I keep seeing people talk about increasing GDP or raising the stock market in order to “improve the economy”, but all that big talk really seems to be missing the point.
One of the things that distinguished the American economy for many years was our self-production within the home. It was not so long ago that hand-knit sweaters were a regular Christmas gift, and the ability to make things for yourself means you don’t have to buy them. That improves your material life dramatically, but generally is not going to show up in the GDP since you did not buy the finished product (just the raw materials). Likewise, if a person leaves their home to earn money while paying for all the things they used to do for themselves (cooking, cleaning, etc), the result is that the GDP increases even though overall productivity and quality of life decreased.
I sincerely think one of the problems with our economy is our inability to be more self reliant, especially for our basic needs. When the only way you can increase your worth is to work for somebody else, and you cannot produce anything for yourself, then you will be trapped forever making somebody else rich while you are left with nothing. (While I think our schools are part of that problem, since they removed most of the practical coursework, one of the ways to fix it is to use the information available on the Internet to learn new and useful skills. But I digress.)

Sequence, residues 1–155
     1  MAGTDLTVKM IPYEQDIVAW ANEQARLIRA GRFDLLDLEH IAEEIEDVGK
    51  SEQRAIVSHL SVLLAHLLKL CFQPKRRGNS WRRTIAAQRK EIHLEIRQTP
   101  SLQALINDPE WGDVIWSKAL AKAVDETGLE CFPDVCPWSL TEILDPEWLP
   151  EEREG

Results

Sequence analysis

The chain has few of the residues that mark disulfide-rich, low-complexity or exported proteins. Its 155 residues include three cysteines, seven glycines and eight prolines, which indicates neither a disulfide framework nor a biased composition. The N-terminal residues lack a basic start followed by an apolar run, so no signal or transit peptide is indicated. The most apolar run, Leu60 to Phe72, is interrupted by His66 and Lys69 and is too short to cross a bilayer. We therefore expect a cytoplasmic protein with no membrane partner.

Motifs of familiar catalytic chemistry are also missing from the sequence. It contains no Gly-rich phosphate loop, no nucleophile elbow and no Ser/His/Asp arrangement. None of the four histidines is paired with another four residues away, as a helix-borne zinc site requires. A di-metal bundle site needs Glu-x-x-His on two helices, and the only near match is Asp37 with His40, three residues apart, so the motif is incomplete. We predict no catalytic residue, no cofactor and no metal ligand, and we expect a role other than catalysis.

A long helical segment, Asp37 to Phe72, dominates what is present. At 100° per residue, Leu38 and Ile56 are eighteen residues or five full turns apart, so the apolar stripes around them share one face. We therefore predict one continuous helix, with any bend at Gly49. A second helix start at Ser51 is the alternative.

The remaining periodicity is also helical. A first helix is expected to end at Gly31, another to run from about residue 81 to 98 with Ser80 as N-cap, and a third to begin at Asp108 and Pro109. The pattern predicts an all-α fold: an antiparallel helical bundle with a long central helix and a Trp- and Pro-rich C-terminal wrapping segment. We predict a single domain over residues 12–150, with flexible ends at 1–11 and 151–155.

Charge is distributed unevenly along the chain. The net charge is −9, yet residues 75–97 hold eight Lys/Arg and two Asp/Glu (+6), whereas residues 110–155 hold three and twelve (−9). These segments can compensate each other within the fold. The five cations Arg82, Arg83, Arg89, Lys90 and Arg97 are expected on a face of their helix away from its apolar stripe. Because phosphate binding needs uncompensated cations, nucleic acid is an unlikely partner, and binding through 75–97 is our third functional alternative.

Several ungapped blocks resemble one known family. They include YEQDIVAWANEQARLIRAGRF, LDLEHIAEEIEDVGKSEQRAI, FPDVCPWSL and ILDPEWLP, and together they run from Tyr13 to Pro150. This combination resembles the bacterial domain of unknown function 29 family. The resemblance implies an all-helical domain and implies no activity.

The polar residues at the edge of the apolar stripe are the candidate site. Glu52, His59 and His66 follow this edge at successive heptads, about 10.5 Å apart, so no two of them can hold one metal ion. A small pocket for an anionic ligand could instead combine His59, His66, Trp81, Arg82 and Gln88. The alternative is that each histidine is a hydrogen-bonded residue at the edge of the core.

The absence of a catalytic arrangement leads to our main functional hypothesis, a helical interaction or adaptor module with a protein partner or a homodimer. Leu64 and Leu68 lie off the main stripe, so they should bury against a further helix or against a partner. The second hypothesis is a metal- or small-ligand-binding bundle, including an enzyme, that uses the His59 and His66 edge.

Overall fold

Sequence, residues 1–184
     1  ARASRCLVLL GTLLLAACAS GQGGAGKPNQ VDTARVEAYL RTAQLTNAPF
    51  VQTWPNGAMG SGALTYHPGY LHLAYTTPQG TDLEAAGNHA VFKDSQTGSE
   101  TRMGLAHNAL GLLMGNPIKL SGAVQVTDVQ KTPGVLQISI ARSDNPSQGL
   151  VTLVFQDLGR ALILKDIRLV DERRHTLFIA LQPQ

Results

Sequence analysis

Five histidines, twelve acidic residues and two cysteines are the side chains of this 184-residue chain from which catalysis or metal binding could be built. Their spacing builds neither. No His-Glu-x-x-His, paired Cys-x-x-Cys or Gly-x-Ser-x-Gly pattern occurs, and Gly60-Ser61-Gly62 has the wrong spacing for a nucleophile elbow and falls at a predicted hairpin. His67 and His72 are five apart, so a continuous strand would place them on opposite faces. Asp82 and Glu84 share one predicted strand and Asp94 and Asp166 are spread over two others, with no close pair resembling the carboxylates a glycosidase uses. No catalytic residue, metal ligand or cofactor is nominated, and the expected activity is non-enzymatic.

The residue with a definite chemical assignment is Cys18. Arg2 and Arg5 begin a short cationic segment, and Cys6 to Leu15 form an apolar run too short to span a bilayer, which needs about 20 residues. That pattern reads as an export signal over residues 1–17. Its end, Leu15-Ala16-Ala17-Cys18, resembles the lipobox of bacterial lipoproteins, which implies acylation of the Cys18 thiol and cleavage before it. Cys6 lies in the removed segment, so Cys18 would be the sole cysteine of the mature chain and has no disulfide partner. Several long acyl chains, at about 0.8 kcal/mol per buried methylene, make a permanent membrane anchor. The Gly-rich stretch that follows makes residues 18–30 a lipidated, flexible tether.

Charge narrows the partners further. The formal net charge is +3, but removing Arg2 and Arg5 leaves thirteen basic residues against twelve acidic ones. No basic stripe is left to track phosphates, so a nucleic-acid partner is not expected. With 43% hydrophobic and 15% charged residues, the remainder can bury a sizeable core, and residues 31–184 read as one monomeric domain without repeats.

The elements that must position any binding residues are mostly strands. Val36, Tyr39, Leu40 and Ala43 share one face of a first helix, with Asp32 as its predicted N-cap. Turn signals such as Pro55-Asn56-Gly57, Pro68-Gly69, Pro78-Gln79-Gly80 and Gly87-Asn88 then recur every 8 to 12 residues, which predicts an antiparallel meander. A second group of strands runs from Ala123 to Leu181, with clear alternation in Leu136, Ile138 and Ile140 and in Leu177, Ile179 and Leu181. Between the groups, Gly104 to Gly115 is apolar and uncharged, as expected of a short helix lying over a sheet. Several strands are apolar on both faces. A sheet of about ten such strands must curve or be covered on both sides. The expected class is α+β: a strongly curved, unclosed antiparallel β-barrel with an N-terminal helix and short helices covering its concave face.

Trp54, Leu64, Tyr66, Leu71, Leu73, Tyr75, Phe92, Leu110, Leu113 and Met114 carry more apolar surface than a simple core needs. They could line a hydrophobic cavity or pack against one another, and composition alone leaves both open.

I think the way we are measuring the “economy” in regular press and economics is failing to capture the individual experience of living within the economy at all levels. Taking the aggregate production and sales for the entire country completely misses who or where that money is changing hands. Hypothetically speaking, ten extraordinarily rich men could keep our GDP exceedingly high just exchanging money among themselves, but that is not going to do the average American any good if they don’t get anything out of it. That sounds like an extreme example, but there are less than six hundred billionaires in our country today, and around eleven million millionaires, but over three hundred million people. Just because things like the GDP and the stock market are easy to measure, it does not mean they are good indications of the entire economy, and it definitely does not reflect a typical experience in that economy. Those measurements matter most to the richest among us, who are less than 4% of the population. It should be no wonder that our economy is broken when we obsess over the fate of such a tiny part of the population when taking our measurements.